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landfill leachate, leachate, archaea, bacteria, precious metals, landfill characterization, metal extraction, leachate characterization, metal analysis, microbial bioleaching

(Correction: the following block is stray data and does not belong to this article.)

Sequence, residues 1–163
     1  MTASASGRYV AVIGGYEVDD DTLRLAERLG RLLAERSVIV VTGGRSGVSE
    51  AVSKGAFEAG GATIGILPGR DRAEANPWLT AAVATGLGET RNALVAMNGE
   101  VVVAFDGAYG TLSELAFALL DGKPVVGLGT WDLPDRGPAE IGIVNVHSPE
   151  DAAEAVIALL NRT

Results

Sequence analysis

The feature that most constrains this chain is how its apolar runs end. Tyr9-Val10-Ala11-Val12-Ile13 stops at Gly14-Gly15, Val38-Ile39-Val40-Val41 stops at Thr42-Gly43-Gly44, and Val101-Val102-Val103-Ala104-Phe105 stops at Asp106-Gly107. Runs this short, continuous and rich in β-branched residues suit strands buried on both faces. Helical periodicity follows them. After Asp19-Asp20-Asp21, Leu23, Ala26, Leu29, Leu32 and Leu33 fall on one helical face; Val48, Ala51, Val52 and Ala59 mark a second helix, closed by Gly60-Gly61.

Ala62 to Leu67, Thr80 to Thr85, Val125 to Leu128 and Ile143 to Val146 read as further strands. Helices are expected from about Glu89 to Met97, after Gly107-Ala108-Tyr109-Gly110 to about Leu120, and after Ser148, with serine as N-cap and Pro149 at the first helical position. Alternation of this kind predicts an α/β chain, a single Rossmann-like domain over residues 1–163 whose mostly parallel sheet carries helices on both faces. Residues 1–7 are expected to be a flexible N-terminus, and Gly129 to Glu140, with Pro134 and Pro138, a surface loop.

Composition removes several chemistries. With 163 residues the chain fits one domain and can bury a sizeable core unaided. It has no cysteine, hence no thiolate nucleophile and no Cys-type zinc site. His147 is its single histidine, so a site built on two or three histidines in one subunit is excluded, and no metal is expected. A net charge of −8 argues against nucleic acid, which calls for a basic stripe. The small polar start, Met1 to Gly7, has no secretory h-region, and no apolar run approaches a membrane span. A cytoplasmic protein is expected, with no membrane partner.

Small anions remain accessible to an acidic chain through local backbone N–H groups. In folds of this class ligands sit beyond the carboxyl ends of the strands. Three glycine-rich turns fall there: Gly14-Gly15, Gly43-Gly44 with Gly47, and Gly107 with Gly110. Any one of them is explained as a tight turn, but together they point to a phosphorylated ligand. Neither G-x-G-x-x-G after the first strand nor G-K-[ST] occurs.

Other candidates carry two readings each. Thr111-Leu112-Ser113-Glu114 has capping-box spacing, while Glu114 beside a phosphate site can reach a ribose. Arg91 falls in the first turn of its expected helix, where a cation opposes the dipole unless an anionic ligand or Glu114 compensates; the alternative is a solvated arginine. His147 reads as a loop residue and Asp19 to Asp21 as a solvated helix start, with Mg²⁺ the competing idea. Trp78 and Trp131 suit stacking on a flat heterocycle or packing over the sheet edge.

Landfills contain a trove of valuable materials, such as critical, precious, and rare earth metals, that are integral to the United State’s economy and national security. The leachate that filters through landfills picks up these materials, which allows for the possibility of recovery. For this research, samples will be analyzed from landfills throughout the Midwestern United States to provide a baseline on water quality constituents, elements present, and microbial activity. Preliminary data for this study was acquired by analyzing samples of landfill leachate from a landfill in northern Indiana. pH readings indicate that the leachate is slightly basic. It also contains around 1-2% total solids. Inductively coupled plasma optical emission spectrometry (ICP-OES) was also used to identify elements present in the samples. Of the 66 elements considered in the analysis, 35 were detectable in quantifiable amounts. The most common elements present were sodium, potassium, magnesium, calcium, boron, and sulfur. Critical elements such as lithium and chromium were also found in the leachate. Future research will develop an integrated method applying microbial bioleaching, physico-chemical processes, and membrane filtration to recover critical elements from landfill leachate.